In terms of “the system,” it has to survive under this political pressure. So, a few things happen that are really relevant to the story of the Method. One is that Stanislavski is constantly revising “the system” even before Stalin. After the revolution and the proletarian culture movement, and particularly after Stalin takes over, Stanislavski has to start figuring out how to phrase these ideas in ways that jibe with Soviet orthodoxy. The basis for a lot of the psychological underpinnings in “the system” is the French psychologist Théodule-Armand Ribot. That just becomes bourgeois horseshit under Stalin, it’s like you’re not really allowed to talk about that. So suddenly, Stanislavski has to rephrase all these ideas in Pavlovian terms. He has to rename affective memory, which is a key aspect of “the system,” emotion memory, because affective memory is a term that comes from Ribot. There’s all sorts of stuff like that and it affects the content of “the system” and how that system can be discussed. But it’s also the reason why it comes to the United States at all, and why it becomes the Method. How that happens is because of one of Stanislavski’s protégées, Richard Boleslavsky, and his wife flee Russia during the Civil War. They wind up in the United States, right as the Moscow Art Theatre goes on tour during the Russian Civil War, which they do because it’s getting politically hot in Moscow and they’re broke. There’s such a demand for the Moscow Art Theatre’s ideas and techniques that Boleslavsky starts a school in New York based on them, and that school trains, among others, Lee Strasberg, Stella Adler, and Harold Clurman.
One other thing before we move on that I was interested in about Stanislavski is that, from the beginning of the book, there’s a lot of religious language both in how the theater is discussed and in how the people involved discuss their work. Could you talk about this kind of religiosity of the theater, and also about Stanislavski, his own Russian Orthodox faith, and how that played into all this?
Some of that comes from me as a writer. The reason why is that I saw that there was a lot of rhyming, shall we say, between the weird way that Stanislavski’s ideas are transmitted, and then fought over, and the first century of Christianity. The first class I ever took that taught me how to do history was a class on the historical Jesus, so my ideas about being a historian and my ideas about early Christianity are deeply entwined. And that happened to work really well for this story. I thought that they did talk about theater in a religious way. And there are religious ideas there. I thought peppering it with religious language helps make that kind of feeling clear, without me ever having to say, Oh, it’s like Christ and St. Paul.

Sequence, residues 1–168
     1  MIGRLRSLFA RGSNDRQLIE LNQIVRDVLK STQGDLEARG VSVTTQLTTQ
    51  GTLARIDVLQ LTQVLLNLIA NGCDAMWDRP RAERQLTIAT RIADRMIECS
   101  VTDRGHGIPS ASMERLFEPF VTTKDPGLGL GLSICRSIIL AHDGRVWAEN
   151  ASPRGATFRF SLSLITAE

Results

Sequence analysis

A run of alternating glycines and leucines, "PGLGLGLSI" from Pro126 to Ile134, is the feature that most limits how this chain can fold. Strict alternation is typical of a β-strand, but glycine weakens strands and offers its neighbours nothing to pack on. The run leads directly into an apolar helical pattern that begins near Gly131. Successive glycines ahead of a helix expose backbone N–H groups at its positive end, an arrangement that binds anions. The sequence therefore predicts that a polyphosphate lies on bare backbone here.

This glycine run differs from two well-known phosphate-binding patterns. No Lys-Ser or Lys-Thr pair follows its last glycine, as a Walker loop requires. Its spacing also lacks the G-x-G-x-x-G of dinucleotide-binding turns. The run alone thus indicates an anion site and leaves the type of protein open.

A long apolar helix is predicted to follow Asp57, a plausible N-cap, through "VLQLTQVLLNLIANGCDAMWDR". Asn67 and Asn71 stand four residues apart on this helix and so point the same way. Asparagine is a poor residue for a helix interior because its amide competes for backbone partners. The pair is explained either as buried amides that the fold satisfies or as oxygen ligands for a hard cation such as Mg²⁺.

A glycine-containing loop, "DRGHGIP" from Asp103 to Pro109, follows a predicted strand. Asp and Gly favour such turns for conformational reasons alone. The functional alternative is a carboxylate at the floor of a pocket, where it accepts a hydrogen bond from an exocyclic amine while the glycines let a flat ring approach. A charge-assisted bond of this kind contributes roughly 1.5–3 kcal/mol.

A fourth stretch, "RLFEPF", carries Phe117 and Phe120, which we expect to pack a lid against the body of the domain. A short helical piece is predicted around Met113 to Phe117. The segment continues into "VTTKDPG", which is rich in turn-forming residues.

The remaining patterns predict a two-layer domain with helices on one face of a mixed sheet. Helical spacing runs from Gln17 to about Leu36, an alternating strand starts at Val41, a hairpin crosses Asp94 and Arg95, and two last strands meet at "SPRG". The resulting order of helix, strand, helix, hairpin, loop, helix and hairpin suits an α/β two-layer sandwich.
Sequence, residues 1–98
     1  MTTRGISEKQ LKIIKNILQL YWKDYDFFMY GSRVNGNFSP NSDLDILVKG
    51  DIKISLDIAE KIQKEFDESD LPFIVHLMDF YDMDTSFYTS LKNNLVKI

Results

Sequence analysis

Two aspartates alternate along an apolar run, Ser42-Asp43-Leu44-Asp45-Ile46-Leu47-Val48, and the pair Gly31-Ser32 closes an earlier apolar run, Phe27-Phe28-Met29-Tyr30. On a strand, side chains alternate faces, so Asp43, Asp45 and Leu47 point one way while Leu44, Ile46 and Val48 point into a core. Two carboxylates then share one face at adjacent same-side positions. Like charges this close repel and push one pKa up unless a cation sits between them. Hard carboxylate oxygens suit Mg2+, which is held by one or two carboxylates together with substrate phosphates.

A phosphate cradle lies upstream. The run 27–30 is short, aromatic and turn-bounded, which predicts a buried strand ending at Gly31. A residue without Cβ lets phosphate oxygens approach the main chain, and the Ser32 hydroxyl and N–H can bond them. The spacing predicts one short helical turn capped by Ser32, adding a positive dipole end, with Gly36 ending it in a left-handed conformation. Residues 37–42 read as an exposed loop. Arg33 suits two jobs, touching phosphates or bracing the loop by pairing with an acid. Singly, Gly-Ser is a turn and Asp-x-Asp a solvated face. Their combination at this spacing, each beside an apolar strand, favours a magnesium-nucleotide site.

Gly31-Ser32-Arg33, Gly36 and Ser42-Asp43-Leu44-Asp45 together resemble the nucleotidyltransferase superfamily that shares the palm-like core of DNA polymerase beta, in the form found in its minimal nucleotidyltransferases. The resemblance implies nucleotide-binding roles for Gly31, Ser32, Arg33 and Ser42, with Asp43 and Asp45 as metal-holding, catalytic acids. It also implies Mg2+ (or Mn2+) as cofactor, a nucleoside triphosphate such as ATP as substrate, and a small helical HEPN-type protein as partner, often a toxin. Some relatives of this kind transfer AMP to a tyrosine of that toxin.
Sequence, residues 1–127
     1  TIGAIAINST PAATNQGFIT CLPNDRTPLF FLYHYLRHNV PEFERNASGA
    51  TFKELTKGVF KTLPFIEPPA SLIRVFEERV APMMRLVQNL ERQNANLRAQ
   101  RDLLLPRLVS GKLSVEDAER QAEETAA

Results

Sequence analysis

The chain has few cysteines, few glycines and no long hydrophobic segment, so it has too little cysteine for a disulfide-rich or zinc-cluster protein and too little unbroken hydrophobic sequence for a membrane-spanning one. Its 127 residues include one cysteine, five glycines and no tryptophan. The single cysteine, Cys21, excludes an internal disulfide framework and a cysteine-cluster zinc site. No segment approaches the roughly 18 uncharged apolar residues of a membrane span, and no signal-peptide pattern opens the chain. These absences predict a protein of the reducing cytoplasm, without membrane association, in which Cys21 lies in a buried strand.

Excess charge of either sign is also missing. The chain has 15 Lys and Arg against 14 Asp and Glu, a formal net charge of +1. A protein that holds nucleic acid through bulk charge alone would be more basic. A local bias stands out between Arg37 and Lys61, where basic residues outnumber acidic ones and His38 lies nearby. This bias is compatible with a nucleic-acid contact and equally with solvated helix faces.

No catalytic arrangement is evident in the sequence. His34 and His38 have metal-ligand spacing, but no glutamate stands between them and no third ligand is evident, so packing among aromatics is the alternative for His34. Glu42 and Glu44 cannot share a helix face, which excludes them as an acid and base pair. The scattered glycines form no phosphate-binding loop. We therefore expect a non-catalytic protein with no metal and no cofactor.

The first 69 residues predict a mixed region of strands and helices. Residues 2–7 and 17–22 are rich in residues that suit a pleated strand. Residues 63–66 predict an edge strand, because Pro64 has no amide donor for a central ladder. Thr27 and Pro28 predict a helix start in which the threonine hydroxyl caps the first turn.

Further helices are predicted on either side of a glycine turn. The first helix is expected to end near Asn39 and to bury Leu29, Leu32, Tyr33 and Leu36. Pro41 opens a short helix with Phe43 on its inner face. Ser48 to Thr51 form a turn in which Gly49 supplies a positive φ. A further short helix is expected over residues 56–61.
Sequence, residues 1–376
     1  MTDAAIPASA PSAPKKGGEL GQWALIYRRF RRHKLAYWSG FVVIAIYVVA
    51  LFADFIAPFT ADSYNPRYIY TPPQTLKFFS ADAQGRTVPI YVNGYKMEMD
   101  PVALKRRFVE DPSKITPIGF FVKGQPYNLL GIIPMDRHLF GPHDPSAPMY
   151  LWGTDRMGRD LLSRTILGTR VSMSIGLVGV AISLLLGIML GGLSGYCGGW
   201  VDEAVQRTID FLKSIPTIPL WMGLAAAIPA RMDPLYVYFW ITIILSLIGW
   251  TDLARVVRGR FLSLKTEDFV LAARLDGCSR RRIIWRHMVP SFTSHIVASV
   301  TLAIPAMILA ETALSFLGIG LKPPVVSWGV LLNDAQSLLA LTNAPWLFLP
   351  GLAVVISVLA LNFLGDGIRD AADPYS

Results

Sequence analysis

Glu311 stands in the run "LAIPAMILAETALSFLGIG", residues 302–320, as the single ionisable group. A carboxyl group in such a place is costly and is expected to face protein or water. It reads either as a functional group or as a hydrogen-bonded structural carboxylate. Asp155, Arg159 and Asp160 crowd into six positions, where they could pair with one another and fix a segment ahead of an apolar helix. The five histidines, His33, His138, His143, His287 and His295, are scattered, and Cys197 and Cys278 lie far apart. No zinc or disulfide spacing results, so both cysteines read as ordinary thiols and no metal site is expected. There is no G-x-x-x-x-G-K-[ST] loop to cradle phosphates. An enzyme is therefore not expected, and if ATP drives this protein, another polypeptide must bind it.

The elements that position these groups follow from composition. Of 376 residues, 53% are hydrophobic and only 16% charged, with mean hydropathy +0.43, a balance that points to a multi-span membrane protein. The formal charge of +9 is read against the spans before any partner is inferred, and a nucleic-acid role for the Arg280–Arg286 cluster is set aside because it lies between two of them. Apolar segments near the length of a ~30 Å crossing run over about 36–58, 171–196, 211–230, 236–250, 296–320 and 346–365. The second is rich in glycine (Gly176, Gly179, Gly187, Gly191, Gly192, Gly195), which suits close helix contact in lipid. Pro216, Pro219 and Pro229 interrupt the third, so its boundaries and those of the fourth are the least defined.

This is a somewhat controversial position within the world of Stanislavski studies, but having read up on it, I believe the argument that Stanislavski was actually a pretty deeply religious person. And there’s some evidence that he might have remained so even after the revolution. He apparently had a bureau with icons painted on the inside of it, so that when it was closed, you couldn’t see them. But the Moscow Art Theatre’s first rehearsal was consecrated by a Russian Orthodox priest. Stanislavski uses a lot of concepts, even direct terms, from Russian Orthodox Christianity, in his writing and thinking about acting, and some of that has been disguised throughout the 20th century in the States because of how his work was translated. His first translator used lots of different terms for his ideas, and they often were more secular terms. But Stanislavski talks about the soul all the time, and there’s plenty of evidence that he means like, the soul — it’s not a metaphor. And when he talks about spirit, he’s talking about the Russian Orthodox idea of spirit, which is the part of us that yearns for God. It’s what God breathes into Adam, to make the clay come to life. A key idea for Stanislavski is the triangle between the mind, the will, and the feelings, and those all have roughly analogous Russian Orthodox ideas. He uses this term ya yesm, which is a Church Slavonic term that has to do with our oneness with God, but he uses it for the oneness between actor and character. But even setting all that aside, they talked about themselves as having a holy purpose. They believed that the theater was a sacred thing that had a sacred role in society, that actors were absolutely central to that role. Stanislavski treated misbehavior in rehearsal like sacrilege.
I’m going to jump to something I was going to ask later, because I feel like this makes it very interesting that once the Method comes to the United States —
It becomes Jewish!
It’s the most Jewish thing! Isn’t it fascinating that there’s this thing that’s thought up by a deeply Christian man based somewhat on the ideas of Ribot, and then it comes over to the United States and it becomes Freudian and Jewish? It’s like this goyishe psychology and Jewish psychology. It’s a really weird thing that happens to it, but it absolutely becomes adopted. I mean, the Group Theatre is WASPs, old money WASPs, and Jews. And most of the prominent teachers of Stanislavski’s ideas in the United States of the second generation, the students of Boleslavsky, Maria Ouspenskaya, are Jews. It’s wild. Secular Jews. But Jews.
This story is also so much about geography and language and assimilation. At first, this is such a Russian story. And then it becomes a very New York story. And then it kind of becomes a Hollywood story. But really, it is a New York story. And once you begin to meet the second generation of people who take this on, you begin to see that especially when you get to Strasberg and Adler.